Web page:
And unless Sunak takes drastic action on immigration, and fast, such headlines are unlikely to subside as we edge closer to the election. If anything, they’ll increase in venom and intensity. As we saw with the ‘get Brexit done’ mantra peddled by the Tory press that helped hand Boris Johnson the keys to No 10 in 2019, the media plays a direct role in shaping election results.

If the right-wing press choses Reform, it will almost inevitably have a profound impact on public opinion and could well mean demolition time for the Tories.

Right-wing media watch – Right-wing press in a tizzy about cancelling of Jeremy Clarkson 

I guess, if you’re willing to publish a column in which the author salivates about excrement being thrown at a naked young woman, you’re not going to think twice about publishing op-eds that offer some kind of defence to the comments and call for the author of the hatred not to be sacked.

In yet more twists in the infamous and now-deleted Sun column saga, Clarkson apologised this week – properly – on Instagram. Following the apology, it emerged that the controversial presenter had been dropped by Amazon Prime. What followed, was a right-wing meltdown and appeals for Clarkson not to be ‘cancelled’ and to remain presenting on TV. 

Don’t cancel Jeremy Clarkson’, Spiked editor Tom Slater wrote for Spectator. The piece attempts to blame Meghan Markle for the hysteria surrounding her in the British media, and for getting notable TV figures the boot.

“Meghan Markle appears to be on a mission to prove that cancel culture really does exist. It seems that no one is too big to be sacked for criticising her.”

Clarkson, according to Slater, was “perhaps the easiest target” to “bear the brunt of Marklemania” and was “almost asking for it.”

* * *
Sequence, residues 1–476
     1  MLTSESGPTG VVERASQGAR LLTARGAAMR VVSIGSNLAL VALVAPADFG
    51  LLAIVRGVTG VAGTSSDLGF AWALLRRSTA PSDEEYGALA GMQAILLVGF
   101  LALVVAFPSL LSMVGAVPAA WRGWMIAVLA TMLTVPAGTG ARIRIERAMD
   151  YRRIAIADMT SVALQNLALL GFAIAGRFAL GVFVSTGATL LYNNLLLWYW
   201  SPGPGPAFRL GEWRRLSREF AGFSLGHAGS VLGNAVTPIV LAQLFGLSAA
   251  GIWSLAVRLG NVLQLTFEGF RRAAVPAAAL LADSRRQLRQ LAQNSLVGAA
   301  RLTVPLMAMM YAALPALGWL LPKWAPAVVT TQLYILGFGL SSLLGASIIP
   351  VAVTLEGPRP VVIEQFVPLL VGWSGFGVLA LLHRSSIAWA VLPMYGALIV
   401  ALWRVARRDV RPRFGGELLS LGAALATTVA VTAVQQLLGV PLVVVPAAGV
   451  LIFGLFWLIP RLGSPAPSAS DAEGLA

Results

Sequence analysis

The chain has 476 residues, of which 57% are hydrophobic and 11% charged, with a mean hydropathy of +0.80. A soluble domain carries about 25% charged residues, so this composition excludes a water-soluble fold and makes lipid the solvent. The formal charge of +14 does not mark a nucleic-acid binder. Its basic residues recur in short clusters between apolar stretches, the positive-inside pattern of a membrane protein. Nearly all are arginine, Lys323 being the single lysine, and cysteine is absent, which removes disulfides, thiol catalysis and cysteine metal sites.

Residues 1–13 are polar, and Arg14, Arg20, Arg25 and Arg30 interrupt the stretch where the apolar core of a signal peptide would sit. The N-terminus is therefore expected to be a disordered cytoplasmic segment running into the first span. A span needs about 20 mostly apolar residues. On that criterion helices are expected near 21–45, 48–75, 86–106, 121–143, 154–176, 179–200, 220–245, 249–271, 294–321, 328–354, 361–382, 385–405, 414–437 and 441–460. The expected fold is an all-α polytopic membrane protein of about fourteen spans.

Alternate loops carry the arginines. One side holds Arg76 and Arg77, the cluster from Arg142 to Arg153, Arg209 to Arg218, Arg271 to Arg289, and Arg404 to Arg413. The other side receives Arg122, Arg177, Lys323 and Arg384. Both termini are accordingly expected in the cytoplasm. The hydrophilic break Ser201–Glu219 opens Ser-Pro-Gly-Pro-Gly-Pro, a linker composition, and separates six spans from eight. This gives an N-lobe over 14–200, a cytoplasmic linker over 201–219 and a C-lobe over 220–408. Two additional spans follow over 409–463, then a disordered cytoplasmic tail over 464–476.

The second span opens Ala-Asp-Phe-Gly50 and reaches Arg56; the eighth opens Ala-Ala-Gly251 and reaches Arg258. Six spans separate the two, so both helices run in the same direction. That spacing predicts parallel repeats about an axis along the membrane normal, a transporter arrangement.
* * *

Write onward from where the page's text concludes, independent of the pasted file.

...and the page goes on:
But in the next line, the author attempts to defend Clarkson’s nefarious column, by informing readers that “he was joking.”

There are a number of problems in defining the column as a joke. Of course, Clarkson would not literally want to see Markle paraded naked down the street with the public throwing excrement at her and shouting ‘shame.’ We know that much. And we also know, the diatribe was typical of the boorish, uncouth image Clarkson likes to present in his insatiable pursuit for attention, negative or otherwise. But there’s a time and place for using exaggeration and hyperbole for comic effect, and a national newspaper read by 30.6 million people a month across print and digital, isn’t one of them.

This becomes especially problematic when it involves a racist element. Printing the column amid ongoing controversy over press hostility towards Meghan Markle and other prominent black public figures, couldn’t have fed into the idea that British media may have a racism problem more if it tried. Its publication shows how low the right-wing media is willing to go, even by the Sun’s standards.

Meanwhile, the Daily Mail’s Ross Clark approached the story with a different angle. He attempted to turn the backlash over the column into evidence of hypocrisy on the left. Clark’s piece points to several ill-thought and unsavoury remarks made by well-known figures on the left. Granted, the listed comments were distasteful and offensive, but attempting to use them to detract from the repulsiveness of Clarkson’s column and show apparent hypocrisy on the left, is sheer desperation.

As one DM reader commented: “The wrongs don’t make a right.”

Dan Wootton – surprise, surprise – went down a similar road in the Mail, twisting the story into an attack of the left. ITV’s ‘leftie’ chief executive Carolyn McCall ended the Good Morning Britain career of Piers Morgan, writes Wootton, as some kind of testimony that Clarkson is about to get the boot as host of ITV’s Who Wants to be a Millionaire.

Like most defenders of free speech, the ‘uncancel Clarkson’ columnists were quick to point out that they didn’t agree with the content of the column but were rather defending the right to utter it. Now there’s double standards for you.